The most extensive coal mining library in the world is reaching out to new audiences by sending a songwriter in residence to venues to sing the praises of its collection, report Fiona M. Forsythe and Jennifer Hillyard.
Our learned institutions often sing the praises of their special collections. Here in Newcastle one institution is doing that – literally!
Through the autumn, the North of England Institute of Mining and Mechanical Engineers hosted a songwriter in residence funded by Arts Council England, with the express aim of telling the stories captured in the library and archive collections.
Mining around the world
The institute’s collections cover both coal and metalliferous mining and extend far beyond the Great Northern Coalfield of Northumberland and Durham to Canada, the USA, South America and as far as New Zealand and Australia. As well as the most extensive coal mining library in the world, its archives have been described as the best in the world for scholars to study the early industrial revolution for the rich detail and observation by viewers who travelled around Europe noting processes, practises, innovations, and costs of production in immaculate notebooks. The early railways are also documented in elaborate detail providing a record of waggonway development through to steam locomotion in a period of over 400 years.
Snapshot of the collections
Early in 2014, Fiona introduced singer/songwriter Gareth Davies-Jones to the institute’s library. Gareth was immediately struck by the setting of the library. Reflecting on that meeting, he said ‘The grand Victorian architecture and the atmosphere really does lend itself to song writing, and I wanted to draw out a snapshot of all that the collections have to offer.’ Fiona and Gareth met with Jennifer and Simon Brooks, Secretary of the institute to explore whether a dream could become a reality. Somewhere in that meeting the idea of ‘The Seam: a songwriting residency’ took shape.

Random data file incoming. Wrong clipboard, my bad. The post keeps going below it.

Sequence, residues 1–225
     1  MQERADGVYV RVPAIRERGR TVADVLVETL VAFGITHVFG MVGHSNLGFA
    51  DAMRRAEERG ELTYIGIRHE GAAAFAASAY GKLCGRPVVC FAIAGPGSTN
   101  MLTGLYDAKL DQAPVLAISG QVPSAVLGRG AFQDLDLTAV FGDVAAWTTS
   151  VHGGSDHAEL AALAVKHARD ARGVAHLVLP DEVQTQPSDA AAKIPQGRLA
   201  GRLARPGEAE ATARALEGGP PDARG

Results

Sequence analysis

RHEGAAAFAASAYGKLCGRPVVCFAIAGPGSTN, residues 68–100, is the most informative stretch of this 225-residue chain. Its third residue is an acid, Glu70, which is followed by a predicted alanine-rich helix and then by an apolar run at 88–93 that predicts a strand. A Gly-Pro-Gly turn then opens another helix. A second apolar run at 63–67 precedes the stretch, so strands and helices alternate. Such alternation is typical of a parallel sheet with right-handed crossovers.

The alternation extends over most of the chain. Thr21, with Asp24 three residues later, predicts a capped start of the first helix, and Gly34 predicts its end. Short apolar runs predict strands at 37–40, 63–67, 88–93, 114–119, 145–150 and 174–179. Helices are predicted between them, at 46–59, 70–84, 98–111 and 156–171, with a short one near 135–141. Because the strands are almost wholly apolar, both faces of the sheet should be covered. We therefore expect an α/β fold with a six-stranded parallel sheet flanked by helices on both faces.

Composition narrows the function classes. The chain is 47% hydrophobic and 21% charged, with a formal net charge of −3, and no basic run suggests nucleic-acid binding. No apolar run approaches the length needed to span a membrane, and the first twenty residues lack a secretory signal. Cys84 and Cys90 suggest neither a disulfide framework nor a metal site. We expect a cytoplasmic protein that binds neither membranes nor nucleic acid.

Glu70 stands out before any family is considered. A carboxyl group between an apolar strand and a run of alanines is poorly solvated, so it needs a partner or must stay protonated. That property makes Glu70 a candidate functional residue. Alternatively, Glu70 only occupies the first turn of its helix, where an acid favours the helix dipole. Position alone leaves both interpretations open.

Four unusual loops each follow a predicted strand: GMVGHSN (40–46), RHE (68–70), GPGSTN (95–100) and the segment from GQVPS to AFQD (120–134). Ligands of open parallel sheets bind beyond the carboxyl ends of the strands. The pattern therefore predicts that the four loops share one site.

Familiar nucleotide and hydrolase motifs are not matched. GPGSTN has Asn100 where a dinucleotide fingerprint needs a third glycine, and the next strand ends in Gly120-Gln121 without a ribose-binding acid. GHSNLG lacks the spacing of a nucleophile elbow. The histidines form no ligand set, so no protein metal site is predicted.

'For art and science'
From the institute’s perspective this was an ideal project, and came along at just the right time. Over recent years it has established itself as a venue and the Edwardian Cuban red mahogany lined lecture theatre has become popular with a variety of musical performers. The building is an outstanding piece of Victorian Gothic architecture inside and out and is listed Grade 2.* The founding fathers gave the Institute the strapline ‘For Art and Science’.
Developing our audience
The residency aims to produce a body of work to inspire and excite people to visit the Institute. Once Gareth had written the pieces (around 10 new songs), he would then take The Seam on tour. Specifically we wanted to explore our audience development techniques, looking at one particular imbalance. The library has around 140 volunteers, roughly split between genders and covering a wide range of cultural and educational backgrounds. However, looking at audience profiles for the various music events, the same diversity is not found. Could we, by working with Gareth, develop both our audience of library users and increase the diversity of the audiences attending our other events? In short – by taking the library ‘on tour’, could we increase the numbers of people visiting us?
On the road
As we write, Gareth is putting the finishing touches to the scores, and recorded his work in January in the institute’s lecture theatre. The first work from The Seam is a song called Practical Coal Mining based on the engineering manual of the same name (check Soundcloud for a sample track).
We have valued the support of library colleagues in the North East, and two libraries (Palace Green Library Café, Durham University and Fenham Public Library, Newcastle City Libraries) will ‘for one night only’ become music venues!
About The Seam
The Seam’s launch gig is on 7 February at the Institute of Mining and Mechanical Engineers, and there has already been a lot of local media interest.
Watch a BBC feature on The Seam on iPlayer (19:22 minutes in to the programme).
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